Malawi president under fire over $330m graft scam

LILONGWE - Malawian President Peter Mutharika is under fire from the opposition lawmakers for shielding cabinet ministers who have been implicated in a $330m corruption scam.

But Mutharika has vehemently rejected the accusation, claiming he did not know names of the implicated ministers.

Leading the bandwagon of those calling for the sacking of the alleged corrupt ministers is opposition lawmaker Kamlepo Kalua, who is vice chairperson of the Parliamentary Public Accounts Committee.

"The matter is simple. Some corrupt barons embezzled $330m between 2009 and 2014. A recent forensic audit shows among those implicated are seven cabinet ministers. We want them fired," Kalua told News24.

He said the foreign forensic auditors who conducted the audit submitted the names and files of those implicated to the Anti-Corruption Bureau and National Audit Office for action.

According to Kalua, if Mutharika fails to arrest “the thieves in his cabinet”, he should resign as he is not in control of the state affairs.

But Mutharika rubbished Kalua’s claims, saying he could not sack his ministers as he did not have the names.

Mutharika recently challenged Kalua to name and shame the corrupt ministers.

"This lawmaker should bring the names at Kamuzu Palace or he should shut up forever. I sent the Chief Secretary to the Auditor General to get the names and he came back saying there are no such names," Mutharika said.

But Kalua hit back, charging that Mutharika could get the names from Anti-Corruption Bureau and National Audit Office.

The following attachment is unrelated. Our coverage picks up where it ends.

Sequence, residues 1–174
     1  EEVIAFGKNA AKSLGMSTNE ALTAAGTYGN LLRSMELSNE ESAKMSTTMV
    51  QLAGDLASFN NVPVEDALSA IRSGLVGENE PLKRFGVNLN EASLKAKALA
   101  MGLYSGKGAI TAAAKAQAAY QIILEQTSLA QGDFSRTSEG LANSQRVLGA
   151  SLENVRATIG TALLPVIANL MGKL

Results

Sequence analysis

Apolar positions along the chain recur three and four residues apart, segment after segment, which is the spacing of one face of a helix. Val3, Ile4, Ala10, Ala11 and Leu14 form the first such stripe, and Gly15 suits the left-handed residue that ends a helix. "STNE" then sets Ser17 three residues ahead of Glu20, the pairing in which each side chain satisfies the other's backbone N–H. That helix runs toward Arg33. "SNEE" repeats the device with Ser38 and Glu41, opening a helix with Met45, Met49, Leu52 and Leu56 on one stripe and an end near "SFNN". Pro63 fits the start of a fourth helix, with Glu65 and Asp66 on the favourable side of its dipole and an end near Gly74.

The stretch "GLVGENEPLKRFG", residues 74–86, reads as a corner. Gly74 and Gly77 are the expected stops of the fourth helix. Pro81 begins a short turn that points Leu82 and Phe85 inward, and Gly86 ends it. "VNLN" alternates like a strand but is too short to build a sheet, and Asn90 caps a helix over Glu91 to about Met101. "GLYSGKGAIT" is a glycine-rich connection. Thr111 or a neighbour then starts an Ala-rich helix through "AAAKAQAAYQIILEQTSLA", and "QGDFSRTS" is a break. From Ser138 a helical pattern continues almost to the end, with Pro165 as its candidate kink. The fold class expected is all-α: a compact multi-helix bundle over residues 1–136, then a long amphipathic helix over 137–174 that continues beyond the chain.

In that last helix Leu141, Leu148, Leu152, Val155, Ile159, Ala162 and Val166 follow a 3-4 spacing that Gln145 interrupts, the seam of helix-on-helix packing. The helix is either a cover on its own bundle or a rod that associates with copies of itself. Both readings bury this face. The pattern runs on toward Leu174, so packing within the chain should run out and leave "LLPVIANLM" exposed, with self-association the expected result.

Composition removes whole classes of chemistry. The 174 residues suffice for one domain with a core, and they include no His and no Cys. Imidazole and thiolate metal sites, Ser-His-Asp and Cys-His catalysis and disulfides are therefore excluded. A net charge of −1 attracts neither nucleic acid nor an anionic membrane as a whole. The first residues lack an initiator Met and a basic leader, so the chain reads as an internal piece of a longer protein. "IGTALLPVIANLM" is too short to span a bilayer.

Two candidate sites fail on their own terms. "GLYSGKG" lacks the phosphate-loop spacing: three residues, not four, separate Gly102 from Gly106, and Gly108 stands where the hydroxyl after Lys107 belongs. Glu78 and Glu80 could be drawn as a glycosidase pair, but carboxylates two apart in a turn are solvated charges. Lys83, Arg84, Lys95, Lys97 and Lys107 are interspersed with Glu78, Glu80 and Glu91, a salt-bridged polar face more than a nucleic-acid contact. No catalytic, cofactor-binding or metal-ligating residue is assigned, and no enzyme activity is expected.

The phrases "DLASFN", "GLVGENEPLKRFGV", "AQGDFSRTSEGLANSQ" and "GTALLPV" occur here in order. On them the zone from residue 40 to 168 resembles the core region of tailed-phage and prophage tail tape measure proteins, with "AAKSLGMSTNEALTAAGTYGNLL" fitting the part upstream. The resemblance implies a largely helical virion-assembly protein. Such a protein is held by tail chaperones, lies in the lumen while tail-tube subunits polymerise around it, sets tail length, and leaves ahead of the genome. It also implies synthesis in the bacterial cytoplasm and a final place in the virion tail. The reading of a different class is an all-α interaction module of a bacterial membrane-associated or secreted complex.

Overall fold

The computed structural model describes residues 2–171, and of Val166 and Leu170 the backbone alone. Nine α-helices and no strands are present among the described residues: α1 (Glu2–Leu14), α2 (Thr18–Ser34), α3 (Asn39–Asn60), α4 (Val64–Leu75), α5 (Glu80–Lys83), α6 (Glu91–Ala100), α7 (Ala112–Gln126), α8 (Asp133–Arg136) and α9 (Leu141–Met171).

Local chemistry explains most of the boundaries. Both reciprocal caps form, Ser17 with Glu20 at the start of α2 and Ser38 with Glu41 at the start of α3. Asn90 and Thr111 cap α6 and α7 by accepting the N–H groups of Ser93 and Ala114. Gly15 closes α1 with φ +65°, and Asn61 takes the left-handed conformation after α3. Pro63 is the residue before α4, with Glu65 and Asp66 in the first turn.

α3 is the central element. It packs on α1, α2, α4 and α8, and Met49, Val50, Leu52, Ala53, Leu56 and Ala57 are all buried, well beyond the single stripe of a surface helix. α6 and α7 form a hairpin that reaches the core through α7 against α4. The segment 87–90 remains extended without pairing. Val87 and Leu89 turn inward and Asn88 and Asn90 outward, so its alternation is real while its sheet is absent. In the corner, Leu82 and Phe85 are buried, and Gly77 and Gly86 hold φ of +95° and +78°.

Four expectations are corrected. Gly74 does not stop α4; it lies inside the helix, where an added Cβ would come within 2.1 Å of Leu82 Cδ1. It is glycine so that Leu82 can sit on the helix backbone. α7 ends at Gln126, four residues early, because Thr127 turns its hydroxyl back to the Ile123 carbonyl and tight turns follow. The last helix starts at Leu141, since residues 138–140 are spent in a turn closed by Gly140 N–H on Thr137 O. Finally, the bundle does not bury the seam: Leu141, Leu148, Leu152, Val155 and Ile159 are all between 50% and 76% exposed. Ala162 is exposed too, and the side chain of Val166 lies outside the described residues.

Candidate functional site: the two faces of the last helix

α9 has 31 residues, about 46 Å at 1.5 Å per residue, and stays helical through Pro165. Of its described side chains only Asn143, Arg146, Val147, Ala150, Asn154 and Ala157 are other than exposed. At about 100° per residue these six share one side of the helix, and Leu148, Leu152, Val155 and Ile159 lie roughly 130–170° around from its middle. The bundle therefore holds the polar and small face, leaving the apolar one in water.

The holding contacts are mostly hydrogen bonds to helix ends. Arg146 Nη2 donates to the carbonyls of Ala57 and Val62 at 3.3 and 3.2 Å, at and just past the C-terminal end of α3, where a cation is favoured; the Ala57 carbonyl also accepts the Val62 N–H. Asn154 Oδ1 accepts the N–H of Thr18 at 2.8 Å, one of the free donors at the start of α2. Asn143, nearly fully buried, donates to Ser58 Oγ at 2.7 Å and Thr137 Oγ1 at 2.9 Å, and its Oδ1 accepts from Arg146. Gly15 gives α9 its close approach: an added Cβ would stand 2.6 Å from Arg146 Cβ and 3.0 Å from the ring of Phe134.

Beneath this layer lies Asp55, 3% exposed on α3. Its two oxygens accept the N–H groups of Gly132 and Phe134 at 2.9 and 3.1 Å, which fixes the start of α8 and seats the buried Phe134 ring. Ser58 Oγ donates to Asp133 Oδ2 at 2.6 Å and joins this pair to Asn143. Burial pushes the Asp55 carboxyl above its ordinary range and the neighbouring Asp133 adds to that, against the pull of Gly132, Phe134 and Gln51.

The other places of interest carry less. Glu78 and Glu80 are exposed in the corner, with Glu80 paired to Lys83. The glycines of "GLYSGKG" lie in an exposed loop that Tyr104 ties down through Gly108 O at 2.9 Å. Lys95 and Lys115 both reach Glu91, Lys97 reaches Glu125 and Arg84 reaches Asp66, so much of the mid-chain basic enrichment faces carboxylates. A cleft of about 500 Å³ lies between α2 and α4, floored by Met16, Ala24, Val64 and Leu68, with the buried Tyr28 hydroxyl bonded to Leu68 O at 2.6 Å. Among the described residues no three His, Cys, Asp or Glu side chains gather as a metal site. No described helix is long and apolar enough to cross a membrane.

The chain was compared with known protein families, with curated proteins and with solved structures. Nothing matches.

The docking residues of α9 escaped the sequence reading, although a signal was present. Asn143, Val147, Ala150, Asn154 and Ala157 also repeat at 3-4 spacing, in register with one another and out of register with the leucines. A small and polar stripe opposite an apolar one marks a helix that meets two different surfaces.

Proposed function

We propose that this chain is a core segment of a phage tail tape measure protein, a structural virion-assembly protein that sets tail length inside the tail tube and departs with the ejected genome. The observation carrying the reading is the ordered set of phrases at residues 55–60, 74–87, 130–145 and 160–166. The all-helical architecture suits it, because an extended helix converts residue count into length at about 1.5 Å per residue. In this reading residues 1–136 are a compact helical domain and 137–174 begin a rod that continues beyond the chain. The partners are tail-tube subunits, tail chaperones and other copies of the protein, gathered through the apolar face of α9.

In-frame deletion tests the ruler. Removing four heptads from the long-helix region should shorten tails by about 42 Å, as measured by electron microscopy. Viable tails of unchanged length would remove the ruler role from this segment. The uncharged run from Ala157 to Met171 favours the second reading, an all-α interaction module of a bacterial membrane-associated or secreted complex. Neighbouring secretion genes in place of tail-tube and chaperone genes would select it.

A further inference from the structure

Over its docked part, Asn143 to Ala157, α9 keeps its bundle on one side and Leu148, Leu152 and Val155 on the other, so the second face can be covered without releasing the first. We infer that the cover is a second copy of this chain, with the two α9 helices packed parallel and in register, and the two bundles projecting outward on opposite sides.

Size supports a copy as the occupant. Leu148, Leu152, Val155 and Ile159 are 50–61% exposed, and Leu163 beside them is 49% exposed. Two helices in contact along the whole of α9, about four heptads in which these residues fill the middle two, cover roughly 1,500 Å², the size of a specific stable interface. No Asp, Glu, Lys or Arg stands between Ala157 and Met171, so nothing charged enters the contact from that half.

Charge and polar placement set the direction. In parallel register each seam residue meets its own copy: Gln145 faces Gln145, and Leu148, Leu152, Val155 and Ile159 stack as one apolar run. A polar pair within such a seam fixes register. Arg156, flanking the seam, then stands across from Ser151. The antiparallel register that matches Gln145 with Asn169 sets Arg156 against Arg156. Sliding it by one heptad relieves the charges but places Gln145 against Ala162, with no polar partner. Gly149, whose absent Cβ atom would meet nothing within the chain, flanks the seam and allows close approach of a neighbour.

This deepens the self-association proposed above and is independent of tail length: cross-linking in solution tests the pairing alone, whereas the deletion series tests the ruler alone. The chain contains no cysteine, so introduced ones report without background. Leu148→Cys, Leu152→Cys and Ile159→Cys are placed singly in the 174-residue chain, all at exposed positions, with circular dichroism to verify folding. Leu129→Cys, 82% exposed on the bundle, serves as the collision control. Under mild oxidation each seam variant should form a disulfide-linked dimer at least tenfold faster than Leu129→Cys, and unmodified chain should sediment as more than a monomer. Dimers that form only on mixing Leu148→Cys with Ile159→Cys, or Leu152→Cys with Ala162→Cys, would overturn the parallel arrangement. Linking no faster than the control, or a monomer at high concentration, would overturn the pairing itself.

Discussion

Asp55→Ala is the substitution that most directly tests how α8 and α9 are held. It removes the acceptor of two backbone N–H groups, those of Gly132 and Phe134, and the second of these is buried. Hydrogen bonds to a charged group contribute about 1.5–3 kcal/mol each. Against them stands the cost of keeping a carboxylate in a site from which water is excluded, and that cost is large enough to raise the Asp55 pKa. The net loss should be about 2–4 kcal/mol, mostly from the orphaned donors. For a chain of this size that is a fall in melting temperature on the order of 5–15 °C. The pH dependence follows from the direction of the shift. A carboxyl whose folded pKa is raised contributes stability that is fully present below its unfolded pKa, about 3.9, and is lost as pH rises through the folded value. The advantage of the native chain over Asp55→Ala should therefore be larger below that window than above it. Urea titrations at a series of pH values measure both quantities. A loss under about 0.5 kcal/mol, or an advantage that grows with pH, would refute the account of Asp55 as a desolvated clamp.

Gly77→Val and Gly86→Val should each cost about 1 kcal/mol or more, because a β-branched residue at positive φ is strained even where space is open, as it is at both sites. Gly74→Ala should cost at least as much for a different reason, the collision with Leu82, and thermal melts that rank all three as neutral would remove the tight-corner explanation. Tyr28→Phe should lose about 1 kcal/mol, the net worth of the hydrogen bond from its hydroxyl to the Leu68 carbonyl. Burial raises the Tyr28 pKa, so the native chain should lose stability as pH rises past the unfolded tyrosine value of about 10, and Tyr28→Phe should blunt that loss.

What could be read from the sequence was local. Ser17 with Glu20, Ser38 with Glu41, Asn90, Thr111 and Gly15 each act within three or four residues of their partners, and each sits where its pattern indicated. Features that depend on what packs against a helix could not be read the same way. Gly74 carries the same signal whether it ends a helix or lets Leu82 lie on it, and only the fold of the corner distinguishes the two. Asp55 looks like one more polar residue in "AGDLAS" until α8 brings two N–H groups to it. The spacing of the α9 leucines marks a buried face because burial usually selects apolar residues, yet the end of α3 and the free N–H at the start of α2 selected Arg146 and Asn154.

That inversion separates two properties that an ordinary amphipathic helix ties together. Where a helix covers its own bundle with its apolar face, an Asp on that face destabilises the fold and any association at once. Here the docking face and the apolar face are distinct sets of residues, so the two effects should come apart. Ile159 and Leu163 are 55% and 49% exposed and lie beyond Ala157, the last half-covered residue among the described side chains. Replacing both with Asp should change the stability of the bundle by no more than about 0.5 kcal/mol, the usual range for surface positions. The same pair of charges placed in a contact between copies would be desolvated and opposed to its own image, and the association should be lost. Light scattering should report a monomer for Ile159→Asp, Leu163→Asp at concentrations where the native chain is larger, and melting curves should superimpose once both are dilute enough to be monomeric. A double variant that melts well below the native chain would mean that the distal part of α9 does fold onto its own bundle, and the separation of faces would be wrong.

"The President is not being honest…. It is a joke for the president to express ignorance on the names," he said.

Kalua added: "Let him follow up with the auditor general because the auditor general said he submitted 13 files to the Anti-Corruption Bureau and out of those files, seven belonged to cabinet ministers.”

Outgoing British High Commissioner to Malawi, Michael Nevin, also bemoaned the higher levels of corruption in Malawi, exacerbated by a culture of impunity.

He told a local paper that the country’s rule of law could be permanently undermined by failure to bring to book those who break the law.

"The cancer of corruption is the most dangerous element that can undermine Malawi’s instability," Nevin said, adding, "Corruption, fraud are not sufficiently challenged."

Besides the current corruption scandal, Malawi is yet to recover from another scam called Cashgate, in which at least  $32m of Malawian state funds was stolen by government officials in just six months between April and October 2013.

Malawi is not the only African nation facing the serious problem of corruption. In South Africa, President Jacob Zuma recently faced public scrutiny over the inflated costs of security upgrades at his private home in Nkandla, KwaZulu-Natal.

South African taxpayers footed a R246m bill for the upgrades and some residential upkeep that was unwarranted and deserving of recompense, according to public protector office.

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